Lionsgate Motion Picture Group Names Horizon Media Agency of Record for Theatrical, Home Entertainment

Lionsgate’s Motion Picture Group has named Horizon Media its media agency of record for its theatrical and home entertainment business, the studio announced.

Horizon Media, the largest U.S. media agency according to AdAge Data Center 2022, will be responsible for developing and executing innovative, creative media strategies, planning, buying, data and analytics across all media channels, according to Lionsgate.
 
“Among the factors in making the decision, Lionsgate was impressed and persuaded by Horizon Media’s blu., the agency’s proprietary data platform, empowering their advanced analytical capabilities to target individuals, personalize messaging, and engage moviegoers based on more than 11,000 deterministic attributes, resulting in actionable intelligence across all media and marketing channel,” according to Lionsgate. 
 
“Horizon’s data-driven approach, coupled with their experience in theatrical and entertainment marketing as the driver behind many innovative and successful campaigns, made the difference for us,” Adam Fogelson, vice chair of Lionsgate’s Motion Picture Group, said in a statement.  

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“Lionsgate has a history of challenging convention — of cutting against industry norms — to distinguish themselves in an increasingly crowed entertainment industry,” said Karen Hunt, president, Western region, at Horizon Media, in a statement.  “Lionsgate has produced some iconic films and has an amazing slate ahead. We’re excited to start work with Adam and his entire team — putting our ‘Business is Personal’ approach to work.” 

Google Agrees to Pay News Corp. for Content in Landmark Media Boost

In a major shift, Google has signed a three-year deal with News Corp., agreeing to pay “significant payments” to the corporate parent to The Wall Street Journal, Barron’s, MarketWatch, New York Post, The Times, The Sunday Times and The Sun in the U.K., among others.

The deal also calls for development of a news-based subscription platform and revenue-sharing deals for advertising, audio journalism and video journalism on Google-owned YouTube.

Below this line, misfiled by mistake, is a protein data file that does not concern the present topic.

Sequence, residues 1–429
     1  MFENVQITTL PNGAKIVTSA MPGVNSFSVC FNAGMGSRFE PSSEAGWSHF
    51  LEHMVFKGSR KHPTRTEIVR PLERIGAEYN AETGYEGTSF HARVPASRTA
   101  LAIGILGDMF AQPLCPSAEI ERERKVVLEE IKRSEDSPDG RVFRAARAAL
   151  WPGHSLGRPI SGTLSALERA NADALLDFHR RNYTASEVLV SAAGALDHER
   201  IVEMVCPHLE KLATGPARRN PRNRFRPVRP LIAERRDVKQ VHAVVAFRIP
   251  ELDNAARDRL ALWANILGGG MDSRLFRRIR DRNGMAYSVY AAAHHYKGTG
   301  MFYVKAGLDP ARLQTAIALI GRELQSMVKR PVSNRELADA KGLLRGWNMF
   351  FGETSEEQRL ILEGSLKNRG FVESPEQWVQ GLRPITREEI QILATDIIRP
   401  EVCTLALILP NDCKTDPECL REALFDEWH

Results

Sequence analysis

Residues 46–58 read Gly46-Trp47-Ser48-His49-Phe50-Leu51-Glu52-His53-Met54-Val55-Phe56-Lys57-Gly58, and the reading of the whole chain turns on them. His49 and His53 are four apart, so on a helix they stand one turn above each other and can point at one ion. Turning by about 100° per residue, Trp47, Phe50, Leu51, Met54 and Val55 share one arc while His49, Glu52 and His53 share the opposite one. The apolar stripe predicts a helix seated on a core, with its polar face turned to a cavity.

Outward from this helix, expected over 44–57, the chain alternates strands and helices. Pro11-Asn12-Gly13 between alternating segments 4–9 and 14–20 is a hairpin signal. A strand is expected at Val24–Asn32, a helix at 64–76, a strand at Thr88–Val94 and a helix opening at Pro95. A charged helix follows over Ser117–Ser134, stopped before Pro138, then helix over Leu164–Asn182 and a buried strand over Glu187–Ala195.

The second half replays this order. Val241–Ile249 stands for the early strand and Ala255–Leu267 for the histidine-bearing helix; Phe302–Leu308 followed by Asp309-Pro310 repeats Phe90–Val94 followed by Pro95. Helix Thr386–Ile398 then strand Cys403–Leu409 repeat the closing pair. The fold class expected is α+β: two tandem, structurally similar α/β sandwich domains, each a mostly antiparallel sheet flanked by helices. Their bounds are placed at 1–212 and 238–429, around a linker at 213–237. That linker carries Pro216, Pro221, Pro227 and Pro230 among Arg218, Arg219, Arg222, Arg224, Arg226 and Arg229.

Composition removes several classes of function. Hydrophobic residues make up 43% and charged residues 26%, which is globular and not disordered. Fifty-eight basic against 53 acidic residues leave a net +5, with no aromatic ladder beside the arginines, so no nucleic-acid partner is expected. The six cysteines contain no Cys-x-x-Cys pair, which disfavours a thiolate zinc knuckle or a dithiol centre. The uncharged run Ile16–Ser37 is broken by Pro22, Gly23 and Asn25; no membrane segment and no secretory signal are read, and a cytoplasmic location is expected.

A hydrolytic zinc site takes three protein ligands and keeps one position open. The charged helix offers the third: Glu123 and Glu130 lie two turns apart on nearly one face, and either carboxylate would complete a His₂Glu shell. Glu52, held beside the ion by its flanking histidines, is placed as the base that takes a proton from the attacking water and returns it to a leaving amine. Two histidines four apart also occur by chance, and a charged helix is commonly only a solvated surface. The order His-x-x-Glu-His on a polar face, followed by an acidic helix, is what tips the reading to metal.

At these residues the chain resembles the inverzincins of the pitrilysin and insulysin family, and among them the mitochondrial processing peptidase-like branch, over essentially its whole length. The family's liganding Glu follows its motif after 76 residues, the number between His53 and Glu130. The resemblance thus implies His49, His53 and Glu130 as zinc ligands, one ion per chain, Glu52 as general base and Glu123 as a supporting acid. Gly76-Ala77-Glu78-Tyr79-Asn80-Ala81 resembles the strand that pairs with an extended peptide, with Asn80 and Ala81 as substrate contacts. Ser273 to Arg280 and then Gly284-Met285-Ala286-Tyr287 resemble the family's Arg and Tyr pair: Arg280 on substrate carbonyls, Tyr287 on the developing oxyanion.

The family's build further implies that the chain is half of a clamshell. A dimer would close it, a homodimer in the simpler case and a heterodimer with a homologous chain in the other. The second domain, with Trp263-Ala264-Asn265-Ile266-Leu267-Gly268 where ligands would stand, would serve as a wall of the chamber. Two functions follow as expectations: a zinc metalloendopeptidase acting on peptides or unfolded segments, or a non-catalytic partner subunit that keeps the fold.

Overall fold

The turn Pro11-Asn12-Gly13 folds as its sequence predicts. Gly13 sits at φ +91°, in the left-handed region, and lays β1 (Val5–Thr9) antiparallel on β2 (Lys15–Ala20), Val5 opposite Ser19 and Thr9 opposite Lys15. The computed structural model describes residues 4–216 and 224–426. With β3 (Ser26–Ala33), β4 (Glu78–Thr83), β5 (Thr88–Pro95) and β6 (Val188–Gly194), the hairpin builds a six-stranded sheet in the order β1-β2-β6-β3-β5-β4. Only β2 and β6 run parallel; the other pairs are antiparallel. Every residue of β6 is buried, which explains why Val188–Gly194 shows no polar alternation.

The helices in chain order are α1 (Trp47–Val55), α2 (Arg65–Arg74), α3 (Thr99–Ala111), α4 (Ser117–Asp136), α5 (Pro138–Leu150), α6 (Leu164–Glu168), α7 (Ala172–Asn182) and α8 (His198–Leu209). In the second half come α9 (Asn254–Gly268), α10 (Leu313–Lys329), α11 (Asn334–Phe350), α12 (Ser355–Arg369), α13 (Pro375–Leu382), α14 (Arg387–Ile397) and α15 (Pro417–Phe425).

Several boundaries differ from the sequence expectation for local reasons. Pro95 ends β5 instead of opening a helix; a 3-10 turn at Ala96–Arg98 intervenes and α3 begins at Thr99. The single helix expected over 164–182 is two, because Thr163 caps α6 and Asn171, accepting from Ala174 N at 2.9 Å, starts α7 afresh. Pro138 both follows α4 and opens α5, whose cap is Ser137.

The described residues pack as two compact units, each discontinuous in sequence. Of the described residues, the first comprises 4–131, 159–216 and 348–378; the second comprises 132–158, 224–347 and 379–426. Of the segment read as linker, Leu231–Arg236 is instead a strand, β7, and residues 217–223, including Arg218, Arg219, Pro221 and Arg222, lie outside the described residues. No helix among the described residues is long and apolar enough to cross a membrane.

News Corp. CEO Robert Thomson said that the deal would have a positive impact on journalism around the globe having firmly established that there should be a premium for premium journalism.

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“I would like to thank [Google CEO] Sundar Pichai and his team who have shown a thoughtful commitment to journalism that will resonate in every country,” Thompson said. “This has been a passionate cause for our company for well over a decade and I am gratified that the terms of trade are changing, not just for News Corp, but for every publisher.”

Google for years has been accused of distributing proprietary content from news outlets around the world for free via its vaunted search engine. Rupert Murdoch’s News Corp. was one of the first media companies to fight back, erecting pay walls and lobbying government pushback against Google, including in the U.S. Congress. Similar deals with Google have occurred following government fines in France and Australia.

Thompson credited the Australian Competition and Consumer Commission, along with the Australian Prime Minister, Scott Morrison, and Treasurer Josh Frydenberg, for sticking up for news journalism and enabling providers the ability to get paid.

“The deal simply would not have been possible without the fervent, unstinting support of Rupert and Lachlan Murdoch, and the News Corp board,” Thompson said. “For many years, we were accused of tilting at tech windmills, but what was a solitary campaign, a quixotic quest, has become a movement, and both journalism and society will be enhanced.”